Thank you. Merci.
I’m so pleased to be here tonight. Je suis très heureuse d’être ici avec vous ce soir.
On behalf of the West Van Board of Education, my congratulations to all this year’s graduates. Félicitations!
I know many of you are wondering who is this talking head and why does she get to speak at my grad?
Well, in the November 2011 municipal elections I and four others were elected by West Van residents to serve as Trustees on the Board of Education.
That means my colleagues and I help to oversee the public education system in our community and that along with your teachers, the staff at the school and the district, parents and yourselves, we have a measure of responsibility and accountability for your education from kindergarten through to Grade 12.
I also happen to be a graduate of school district 45.
Even though I’ve been around the District on and off since I was twelve, and even though I’ve been to Sentinel a number of times, I wanted to get a better feel for the school and its students before I spoke tonight.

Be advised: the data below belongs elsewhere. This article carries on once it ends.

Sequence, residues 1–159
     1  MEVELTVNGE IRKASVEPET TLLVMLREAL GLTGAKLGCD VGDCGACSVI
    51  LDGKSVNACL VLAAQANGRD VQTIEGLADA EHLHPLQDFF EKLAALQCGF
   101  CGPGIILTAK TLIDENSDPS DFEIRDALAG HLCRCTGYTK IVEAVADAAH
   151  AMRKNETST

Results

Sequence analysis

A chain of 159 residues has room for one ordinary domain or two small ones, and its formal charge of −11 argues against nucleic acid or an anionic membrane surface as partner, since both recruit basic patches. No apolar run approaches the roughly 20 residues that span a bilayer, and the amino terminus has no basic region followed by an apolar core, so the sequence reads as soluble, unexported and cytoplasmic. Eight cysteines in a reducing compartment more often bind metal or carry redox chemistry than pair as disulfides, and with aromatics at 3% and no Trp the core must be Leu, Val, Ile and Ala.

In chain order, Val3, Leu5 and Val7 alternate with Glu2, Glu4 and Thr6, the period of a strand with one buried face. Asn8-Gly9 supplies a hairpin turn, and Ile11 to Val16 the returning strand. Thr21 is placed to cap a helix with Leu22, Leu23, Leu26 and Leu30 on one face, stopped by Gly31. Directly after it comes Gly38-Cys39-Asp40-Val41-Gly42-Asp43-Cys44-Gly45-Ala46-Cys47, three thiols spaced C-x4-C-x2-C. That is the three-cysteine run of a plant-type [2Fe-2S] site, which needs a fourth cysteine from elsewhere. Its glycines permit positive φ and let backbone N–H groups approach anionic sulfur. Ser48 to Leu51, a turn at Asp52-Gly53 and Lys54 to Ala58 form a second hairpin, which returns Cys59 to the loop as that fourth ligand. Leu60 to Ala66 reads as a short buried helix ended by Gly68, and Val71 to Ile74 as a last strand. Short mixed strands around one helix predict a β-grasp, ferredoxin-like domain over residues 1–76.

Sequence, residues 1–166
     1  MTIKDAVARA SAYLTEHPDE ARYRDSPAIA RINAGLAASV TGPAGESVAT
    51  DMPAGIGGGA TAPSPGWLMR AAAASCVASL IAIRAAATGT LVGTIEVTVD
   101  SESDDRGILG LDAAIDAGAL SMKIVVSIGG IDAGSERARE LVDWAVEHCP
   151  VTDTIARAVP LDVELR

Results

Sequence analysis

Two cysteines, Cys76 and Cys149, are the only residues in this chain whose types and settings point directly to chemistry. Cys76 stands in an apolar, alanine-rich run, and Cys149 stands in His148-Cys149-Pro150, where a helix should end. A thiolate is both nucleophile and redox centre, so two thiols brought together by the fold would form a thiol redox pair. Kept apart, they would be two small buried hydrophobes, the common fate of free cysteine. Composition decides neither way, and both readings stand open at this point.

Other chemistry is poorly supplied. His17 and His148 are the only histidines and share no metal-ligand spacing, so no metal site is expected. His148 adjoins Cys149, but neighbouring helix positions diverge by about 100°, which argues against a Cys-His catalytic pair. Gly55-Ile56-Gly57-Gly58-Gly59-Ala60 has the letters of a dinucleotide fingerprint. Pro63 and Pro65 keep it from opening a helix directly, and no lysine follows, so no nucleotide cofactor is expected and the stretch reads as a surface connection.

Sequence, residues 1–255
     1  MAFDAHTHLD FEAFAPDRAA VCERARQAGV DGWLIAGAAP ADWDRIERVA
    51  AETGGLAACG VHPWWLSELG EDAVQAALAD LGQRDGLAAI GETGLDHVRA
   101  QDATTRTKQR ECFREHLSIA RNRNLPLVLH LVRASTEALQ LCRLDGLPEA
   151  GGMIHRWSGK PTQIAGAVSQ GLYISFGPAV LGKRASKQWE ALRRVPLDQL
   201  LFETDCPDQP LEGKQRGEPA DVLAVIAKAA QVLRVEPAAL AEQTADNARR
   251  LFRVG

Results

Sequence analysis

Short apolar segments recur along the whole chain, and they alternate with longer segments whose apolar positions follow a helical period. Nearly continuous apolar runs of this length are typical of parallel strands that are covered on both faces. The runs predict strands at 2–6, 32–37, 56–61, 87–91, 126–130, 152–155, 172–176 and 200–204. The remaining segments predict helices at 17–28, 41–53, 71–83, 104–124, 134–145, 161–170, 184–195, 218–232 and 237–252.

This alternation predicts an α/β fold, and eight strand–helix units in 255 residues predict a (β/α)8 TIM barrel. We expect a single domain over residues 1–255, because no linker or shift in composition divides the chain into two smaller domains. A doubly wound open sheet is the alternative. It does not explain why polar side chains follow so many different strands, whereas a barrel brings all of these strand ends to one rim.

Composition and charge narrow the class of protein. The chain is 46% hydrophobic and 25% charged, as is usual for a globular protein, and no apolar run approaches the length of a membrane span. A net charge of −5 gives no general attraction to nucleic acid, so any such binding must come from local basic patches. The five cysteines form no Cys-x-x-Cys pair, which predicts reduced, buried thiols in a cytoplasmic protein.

I phoned up Principal Mike Finch and asked if we could tour the school together. And we did. I got to see some of you at work and some of you at play. I had a look into many of the classrooms and then I asked Mr. Finch to tell me about you, to tell me about students at Sentinel.
I’m just gonna give you a moment to think about what he told me.
No, he didn’t say that. Oh, he’d never say that, would he? No way. Uhuh.
What he did tell me is how impressed he has been by the students at Sentinel. How dedicated you are and how motivated you are to succeed on your own terms whether you’re studying French, pursuing your athletic interests in the academies, or being super achievers.